Now outsource Christian priests from India
Himalayan News Service
London, April 28:
Outsourcing has crossed one more frontier - religion. Now Christian priests in India are conducting ceremonies for the West! A shortage of priests out here has fuelled a global market in prayers-for-cash. When Michael Schumacher won the Australian Grand Prix last month, a German fan paid for a thanksgiving mass apparently in honour of his hero. The fan, however, was unable to attend: the service was held thousands of miles away in Kerala.
As British and American companies outsource their high-tech and service work to India to take advantage of cheap skilled labour, the Roman Catholic Church is also doing the same.
Faced with a shortage of priests in the West, European and American clergy are outsourcing “mass intentions” - requests for services, such as thanksgiving and memorial masses for the dead - to priests and congregations with time on their hands. Each mass is said in front of a public congregation in Malayalam, the local language. Rates vary from country to country: a request from North America or Europe can net a priest three pounds or four pounds; poorer countries pay less.
The Times reported that Kerala Christians trace their heritage back to the First century AD. Many believe that St Thomas visited the region in AD 52 and established seven Christian churches. Roman Catholicism was introduced by the Portuguese at the end of the 15th century and today about a third of the population is Christian. Reports from Kerala say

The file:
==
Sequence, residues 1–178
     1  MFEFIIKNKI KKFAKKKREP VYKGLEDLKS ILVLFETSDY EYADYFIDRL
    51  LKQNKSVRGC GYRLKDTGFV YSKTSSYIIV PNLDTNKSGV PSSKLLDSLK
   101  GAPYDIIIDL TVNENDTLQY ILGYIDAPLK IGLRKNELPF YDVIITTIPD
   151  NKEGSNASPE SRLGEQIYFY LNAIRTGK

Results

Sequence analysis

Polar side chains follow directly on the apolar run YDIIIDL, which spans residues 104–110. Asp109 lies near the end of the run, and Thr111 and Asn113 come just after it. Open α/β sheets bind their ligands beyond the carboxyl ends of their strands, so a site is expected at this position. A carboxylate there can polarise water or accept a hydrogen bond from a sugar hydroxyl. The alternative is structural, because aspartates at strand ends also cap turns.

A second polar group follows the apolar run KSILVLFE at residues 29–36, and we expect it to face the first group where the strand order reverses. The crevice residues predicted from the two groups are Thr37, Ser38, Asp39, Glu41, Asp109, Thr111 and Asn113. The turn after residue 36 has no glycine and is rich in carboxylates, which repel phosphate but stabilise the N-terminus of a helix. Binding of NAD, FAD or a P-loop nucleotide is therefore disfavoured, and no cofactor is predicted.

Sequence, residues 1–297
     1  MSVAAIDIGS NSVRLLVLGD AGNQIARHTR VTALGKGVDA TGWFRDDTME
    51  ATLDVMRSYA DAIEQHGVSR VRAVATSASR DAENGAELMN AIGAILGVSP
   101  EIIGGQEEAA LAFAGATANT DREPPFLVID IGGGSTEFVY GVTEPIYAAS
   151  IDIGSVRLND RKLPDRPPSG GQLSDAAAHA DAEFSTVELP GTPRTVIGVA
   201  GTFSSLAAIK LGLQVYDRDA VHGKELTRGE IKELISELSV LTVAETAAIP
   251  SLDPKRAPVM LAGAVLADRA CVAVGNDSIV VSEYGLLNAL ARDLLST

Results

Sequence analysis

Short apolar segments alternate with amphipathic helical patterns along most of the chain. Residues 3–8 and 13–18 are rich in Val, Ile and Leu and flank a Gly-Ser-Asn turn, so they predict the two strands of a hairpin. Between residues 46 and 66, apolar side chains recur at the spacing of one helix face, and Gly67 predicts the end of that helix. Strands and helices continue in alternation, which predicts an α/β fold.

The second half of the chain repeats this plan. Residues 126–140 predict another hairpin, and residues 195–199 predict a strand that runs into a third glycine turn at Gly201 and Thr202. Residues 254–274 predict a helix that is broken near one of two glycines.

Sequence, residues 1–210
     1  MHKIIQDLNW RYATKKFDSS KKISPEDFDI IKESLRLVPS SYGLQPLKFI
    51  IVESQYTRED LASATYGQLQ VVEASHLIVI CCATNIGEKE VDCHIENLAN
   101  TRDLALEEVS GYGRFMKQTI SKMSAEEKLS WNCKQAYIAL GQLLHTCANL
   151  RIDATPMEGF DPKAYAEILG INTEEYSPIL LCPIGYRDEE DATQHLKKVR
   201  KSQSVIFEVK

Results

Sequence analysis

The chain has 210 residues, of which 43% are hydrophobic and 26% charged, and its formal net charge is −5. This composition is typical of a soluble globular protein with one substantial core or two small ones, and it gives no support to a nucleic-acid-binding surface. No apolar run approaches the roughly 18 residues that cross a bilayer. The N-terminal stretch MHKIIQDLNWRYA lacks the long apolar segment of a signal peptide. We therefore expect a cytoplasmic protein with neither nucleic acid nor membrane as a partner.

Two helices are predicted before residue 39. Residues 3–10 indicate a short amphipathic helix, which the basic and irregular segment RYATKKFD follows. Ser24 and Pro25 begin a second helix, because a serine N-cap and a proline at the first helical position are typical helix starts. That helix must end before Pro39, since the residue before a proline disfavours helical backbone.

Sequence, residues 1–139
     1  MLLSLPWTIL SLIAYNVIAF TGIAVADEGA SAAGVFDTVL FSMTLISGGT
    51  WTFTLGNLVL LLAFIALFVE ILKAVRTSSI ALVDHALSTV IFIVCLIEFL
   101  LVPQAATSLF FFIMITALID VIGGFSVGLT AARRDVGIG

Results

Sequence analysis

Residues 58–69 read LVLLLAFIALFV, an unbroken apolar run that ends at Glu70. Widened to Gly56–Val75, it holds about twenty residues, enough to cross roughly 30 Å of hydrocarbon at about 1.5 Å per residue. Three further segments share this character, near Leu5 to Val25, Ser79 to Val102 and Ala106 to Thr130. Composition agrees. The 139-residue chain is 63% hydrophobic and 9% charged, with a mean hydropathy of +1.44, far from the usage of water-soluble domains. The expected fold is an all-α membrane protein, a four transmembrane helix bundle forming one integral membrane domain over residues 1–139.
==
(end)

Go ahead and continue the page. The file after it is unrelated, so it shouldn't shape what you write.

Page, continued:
bishops have had to limit priests to just one mass a day to prevent them from denying others a slice of the pie.
Most of the requests are posted or e-mailed to Kerala bishops, who then share them out among the clergy. Priests who have worked in the West receive direct requests from friends and contacts there. Father Benson Kundulam, who lived in Paris for several years, recently held a requiem mass in Cochin for a man in France mourning the death of his father.
“It doesn’t matter where the person is from, we treat the request the same,” he is says, “The money, he says, is the last thing on the priest’s mind. It is a religious duty to say the mass. We do it the same, whether it is an Indian paying a few rupees or an American paying dollars.” His colleague, Father Tony Paul, who has not travelled abroad, gets far fewer foreign requests and more Indian ones, which earn only a third of the money. “If you don’t get personal requests, it is up to the bishops to hand them out,” he said. Church officials say that prayers for the dead have been outsourced for decades and that the tradition has been thrust into the spotlight only because of the controversy over corporate outsourcing in the West. “Priests and bishops abroad have no choice but to send them here or else the mass intentions would never be said,” Paul Thelakat, the spokesman for the Cochin archdiocese, told The Times.